Video is a terrific way to engage your learners! I am sometimes asked whether or not it is possible to have a video play and then pause to review various discussion points. There are many ways to accomplish this, and the following is a simple option that takes advantage of the layer functionality in Storyline 360.
Insert Your Video Onto the Slide
For this build, we are using a video about the planets in our solar system. (We can discuss whether or not Pluto is truly a planet later!)
Tip: It may be helpful to insert a rectangle over the entire video and make it 100 percent transparent or you could add a hotspot over the entire video (no trigger required). Either way, this step helps to ensure learners cannot click on the actual video and pause it, thus disrupting the timing.
To go a step further, you could also disable the seekbar.*
*This could work with the seekbar, as long as the slide and video timing is about the same.
Preview Your Video and Add Your Cue Points
Using the Play button in the lower left corner, play/preview the video. Use the ‘C’ Key on your keyboard to create cue points at the approximate points that you want the video to pause. In this example, we have created eight different cue points, one for each planet.
Build Your Layers
Build layers that will contain the discussion points you want to display to the learner. These may include audio, text, captions, etc. Here, there are 8 different layers for each planet, with captions on each one.
Tip: To speed up your development time, you can add one layer, duplicate it seven more times, and change the verbiage on each layer!
Be sure that there is a way to hide each layer. This may be done with a trigger or with the “Hide Layer when Timeline Finishes” setting in Slide Layer Properties. (You can access the Slide Layer Properties menu by selecting the layer you want to adjust and clicking the gear icon in the lower right corner of the screen. This is the option used in the example shown.)
Still within Slide Layer Properties, you will also want to be sure to pause the timeline of the Base Layer while the individual layers are active. This ensures that the video on the Base Layer will not continue to play while the learner is viewing the content you are discussing.
Return to the Base Layer and Build Cue Point Triggers
Once your layers are complete, return to the Base Layer to build the triggers that will show each layer. In this example, there are eight different triggers—one for each cue point/planet.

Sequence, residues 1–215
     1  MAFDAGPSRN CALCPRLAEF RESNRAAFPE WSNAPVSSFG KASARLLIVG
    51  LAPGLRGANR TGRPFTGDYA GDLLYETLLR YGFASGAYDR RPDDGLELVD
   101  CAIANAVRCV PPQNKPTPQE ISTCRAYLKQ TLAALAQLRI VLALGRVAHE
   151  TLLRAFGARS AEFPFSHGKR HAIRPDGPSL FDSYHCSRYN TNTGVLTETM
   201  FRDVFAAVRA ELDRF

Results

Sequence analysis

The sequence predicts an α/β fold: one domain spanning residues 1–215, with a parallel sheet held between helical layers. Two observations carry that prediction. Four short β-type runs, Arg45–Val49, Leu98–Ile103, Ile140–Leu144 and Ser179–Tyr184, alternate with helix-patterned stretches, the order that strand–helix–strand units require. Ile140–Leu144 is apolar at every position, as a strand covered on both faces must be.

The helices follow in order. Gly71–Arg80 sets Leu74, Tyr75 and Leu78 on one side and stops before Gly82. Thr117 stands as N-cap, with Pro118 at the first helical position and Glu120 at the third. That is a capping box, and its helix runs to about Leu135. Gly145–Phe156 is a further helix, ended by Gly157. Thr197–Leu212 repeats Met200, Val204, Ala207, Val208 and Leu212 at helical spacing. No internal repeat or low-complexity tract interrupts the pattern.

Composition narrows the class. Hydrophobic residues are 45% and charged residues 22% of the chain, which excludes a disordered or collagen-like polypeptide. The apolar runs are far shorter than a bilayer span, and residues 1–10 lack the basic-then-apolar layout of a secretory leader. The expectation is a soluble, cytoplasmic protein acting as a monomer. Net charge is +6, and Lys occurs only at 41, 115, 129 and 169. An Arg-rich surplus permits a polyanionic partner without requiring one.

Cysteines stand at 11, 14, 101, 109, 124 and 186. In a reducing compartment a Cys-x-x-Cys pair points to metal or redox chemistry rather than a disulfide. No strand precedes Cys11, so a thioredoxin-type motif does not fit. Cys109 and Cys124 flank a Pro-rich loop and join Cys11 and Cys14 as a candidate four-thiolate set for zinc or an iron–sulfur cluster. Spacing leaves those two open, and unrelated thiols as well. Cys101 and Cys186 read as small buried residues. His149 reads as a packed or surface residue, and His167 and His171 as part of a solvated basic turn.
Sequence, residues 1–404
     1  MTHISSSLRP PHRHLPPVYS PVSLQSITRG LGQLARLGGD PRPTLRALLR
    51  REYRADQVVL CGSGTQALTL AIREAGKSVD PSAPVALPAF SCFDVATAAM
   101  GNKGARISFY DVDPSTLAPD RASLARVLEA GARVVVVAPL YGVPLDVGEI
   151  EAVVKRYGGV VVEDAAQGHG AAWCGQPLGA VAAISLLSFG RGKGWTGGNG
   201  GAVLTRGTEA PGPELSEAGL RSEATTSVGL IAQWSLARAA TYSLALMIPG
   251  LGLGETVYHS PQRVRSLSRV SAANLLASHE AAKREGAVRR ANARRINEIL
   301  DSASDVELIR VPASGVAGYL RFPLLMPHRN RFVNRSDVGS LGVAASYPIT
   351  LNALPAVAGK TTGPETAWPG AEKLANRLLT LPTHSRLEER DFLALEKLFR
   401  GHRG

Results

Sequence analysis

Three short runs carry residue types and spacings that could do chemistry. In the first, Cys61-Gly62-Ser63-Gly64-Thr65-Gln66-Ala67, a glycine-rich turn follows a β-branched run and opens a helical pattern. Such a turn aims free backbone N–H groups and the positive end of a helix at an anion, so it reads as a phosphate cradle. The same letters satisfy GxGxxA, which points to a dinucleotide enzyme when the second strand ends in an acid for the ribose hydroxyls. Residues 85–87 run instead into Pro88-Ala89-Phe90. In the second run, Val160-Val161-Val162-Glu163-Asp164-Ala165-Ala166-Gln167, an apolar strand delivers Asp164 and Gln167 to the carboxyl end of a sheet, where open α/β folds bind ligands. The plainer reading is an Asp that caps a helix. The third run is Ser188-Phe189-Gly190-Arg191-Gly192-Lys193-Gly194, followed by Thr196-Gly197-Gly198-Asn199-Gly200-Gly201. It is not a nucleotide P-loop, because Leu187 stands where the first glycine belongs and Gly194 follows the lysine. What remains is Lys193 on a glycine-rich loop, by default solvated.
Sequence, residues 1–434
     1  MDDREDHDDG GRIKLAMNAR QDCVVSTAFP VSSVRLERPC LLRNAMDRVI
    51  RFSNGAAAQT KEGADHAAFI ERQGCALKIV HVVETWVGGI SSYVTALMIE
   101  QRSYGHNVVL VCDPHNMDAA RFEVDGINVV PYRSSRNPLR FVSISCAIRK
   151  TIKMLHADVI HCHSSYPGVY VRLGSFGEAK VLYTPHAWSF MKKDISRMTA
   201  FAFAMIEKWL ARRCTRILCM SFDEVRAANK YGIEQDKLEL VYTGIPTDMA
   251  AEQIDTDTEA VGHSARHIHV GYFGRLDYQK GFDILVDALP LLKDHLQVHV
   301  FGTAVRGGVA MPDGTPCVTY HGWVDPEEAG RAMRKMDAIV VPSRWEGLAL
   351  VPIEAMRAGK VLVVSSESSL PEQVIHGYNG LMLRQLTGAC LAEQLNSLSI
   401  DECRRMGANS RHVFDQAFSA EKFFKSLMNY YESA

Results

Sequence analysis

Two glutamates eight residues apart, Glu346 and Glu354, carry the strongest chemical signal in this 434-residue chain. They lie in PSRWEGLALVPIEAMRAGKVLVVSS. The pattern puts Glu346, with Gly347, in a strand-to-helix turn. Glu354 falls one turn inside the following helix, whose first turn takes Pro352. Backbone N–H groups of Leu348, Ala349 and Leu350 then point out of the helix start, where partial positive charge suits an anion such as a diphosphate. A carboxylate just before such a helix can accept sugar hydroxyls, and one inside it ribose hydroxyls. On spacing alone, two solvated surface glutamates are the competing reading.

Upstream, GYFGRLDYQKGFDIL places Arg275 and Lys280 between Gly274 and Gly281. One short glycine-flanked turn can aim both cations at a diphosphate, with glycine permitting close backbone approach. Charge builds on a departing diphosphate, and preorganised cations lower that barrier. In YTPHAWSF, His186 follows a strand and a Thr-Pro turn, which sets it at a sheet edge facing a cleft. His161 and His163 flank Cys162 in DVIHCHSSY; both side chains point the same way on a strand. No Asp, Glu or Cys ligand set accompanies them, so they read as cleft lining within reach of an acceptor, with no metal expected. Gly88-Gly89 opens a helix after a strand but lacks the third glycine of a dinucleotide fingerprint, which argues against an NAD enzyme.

Preview the Slide
Preview the slide to be sure all is working properly. You may want to adjust your cue points to perfect the timing.
Do You Want the Video to Replay?
Now it is time to decide what to do once the video is over. You could simply have the learner move on to the next slide by clicking the Next button, but what if you want the learner to be able to repeat the entire exercise?
This will involve adding a “Replay Button” that will restart the slide when the learner clicks it. You could simply add this button the the end of the timeline of the Base Layer, but you may want to create a separate layer if you like to keep various tasks on your slide separated. This is the option chosen for this exercise.
Create an additional layer called “Replay,” and place a button on this layer that will jump to this same slide when the user clicks it. Remember, there is no “Reset Slide” trigger, so we need the learner to return to this exact same slide.
On the Base Layer, create a trigger that will take the learner to the Replay layer once the video is completed. The media is your video.
Now preview the entire project. Did it work? Terrific!
I hope this gives you some ideas on how to enhance the video into your e-Learning courses. There really is no limit to what you can build and how creative you can be with video and Storyline 360, which is what makes it such a powerful and engaging tool! Good luck in your future builds, and let us know what questions or comments you have.
Update: Please note that the interface of the faster new trigger workflow (in Storyline 360 update 3.33.20625.0 or later) will appear slightly different! While the process is the same, this article uses screen captures from the classic trigger workflow.